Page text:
Saturday, 25 June 2011

Milan Designweek craft-work

Of course this year in Milan the talk was all about Lidewij Edelkort'sTalking Textiles whiccelebrated the return of the chunky, clearly handmade and crafted textiles into our living-room. At the Center of Milan at Spazio Gianfranco Ferre was the exhibition with the celeb designer names, that have all ventured into the chunky crafty sfere. But I was much more charmed by part II, set-up in Venture Lambrate, where the more artsy work could be found by young relatively unknown designers.

Ella Robinson is embroidering on wood. How amazing is that? She drills holes and her colorful and poetic embroidery "bleeds" onto the wood from there. Funky, etnic, you could be misled to think that there where some hidden African roots embodying it.
Ella Robinson

Ella Robinson

Marie Paysant La Roux is using a somewhat similar technique, punching her holes in soft paper pulp egg-packs. It almost seems like the egg-pack is hosting a parasite fungi culture that is growing even overflowing the natural boundaries of the egg-pack
Marie Paysant Le Roux

Elaine Yan Ling Ng uses the Neologism Naturology to describe her work. It's a hybrid word combining nature and technology. Her re-created nature was mounted on a slice of wood, a bit like Ella Robinson but executed in a very different way. Elaines work is subtle and transparent almost a reproduction of fragile leaves, animated by LED's that bounce.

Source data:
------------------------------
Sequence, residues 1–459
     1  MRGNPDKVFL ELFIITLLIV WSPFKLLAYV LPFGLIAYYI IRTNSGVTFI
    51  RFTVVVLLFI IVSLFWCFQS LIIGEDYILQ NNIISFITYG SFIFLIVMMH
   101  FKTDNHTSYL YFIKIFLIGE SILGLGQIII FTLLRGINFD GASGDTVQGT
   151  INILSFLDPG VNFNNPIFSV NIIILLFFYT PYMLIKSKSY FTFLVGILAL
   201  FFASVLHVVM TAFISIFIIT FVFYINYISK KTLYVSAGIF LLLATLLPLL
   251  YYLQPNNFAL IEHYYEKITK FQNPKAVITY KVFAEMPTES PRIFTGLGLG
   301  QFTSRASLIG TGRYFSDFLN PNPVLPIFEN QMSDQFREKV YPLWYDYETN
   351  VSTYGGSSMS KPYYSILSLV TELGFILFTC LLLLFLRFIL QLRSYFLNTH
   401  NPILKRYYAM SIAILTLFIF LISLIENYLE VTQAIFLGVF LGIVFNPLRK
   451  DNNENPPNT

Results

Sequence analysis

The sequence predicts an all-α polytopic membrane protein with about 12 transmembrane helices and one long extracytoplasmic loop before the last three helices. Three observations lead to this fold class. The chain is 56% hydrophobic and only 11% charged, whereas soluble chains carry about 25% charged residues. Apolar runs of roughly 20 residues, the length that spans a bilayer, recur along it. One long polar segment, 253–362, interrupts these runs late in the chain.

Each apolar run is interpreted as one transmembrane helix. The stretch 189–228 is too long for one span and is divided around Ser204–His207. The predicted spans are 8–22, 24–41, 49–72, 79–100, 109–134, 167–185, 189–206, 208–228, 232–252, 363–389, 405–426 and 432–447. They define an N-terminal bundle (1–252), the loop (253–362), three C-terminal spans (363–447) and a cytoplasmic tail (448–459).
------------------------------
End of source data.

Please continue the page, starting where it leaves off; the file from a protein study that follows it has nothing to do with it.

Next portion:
Elaine Yan Ling Ng

In the PlusDeSign Gallery I saw these wonderful skinned furniture. The designer, and I unfortunately lost the name, has crocheted new jackets, thereby upcycling the furniture. Also by adding the cute coaster flowers she makes the stark and rigid office-furniture kind and friendly.

in a little gallery in Lambrate, I saw these coasters, which where nicely in contrast with the sweetness of crocheting, saying FUCK. Maybe swearing at the boredom of the everyday?

and to close off look at this wonderful horse, carrying death and all his accesories. It's as if a rarity cabinet has been opened and hung onto the horse. Frederique Morrel wallpapers horses and paraphernalia with salvaged needlepoint. Needlepoints as we remember them from grandmothers living-room. The combination makes for something grotesque, baroque and alarming. The total seemed quite camouflaged against the background, but once you noticed what was really in-front of you can hardly prevent a feeling of disbelief arising.
Frederique Morrel @ Rosana Orlandi

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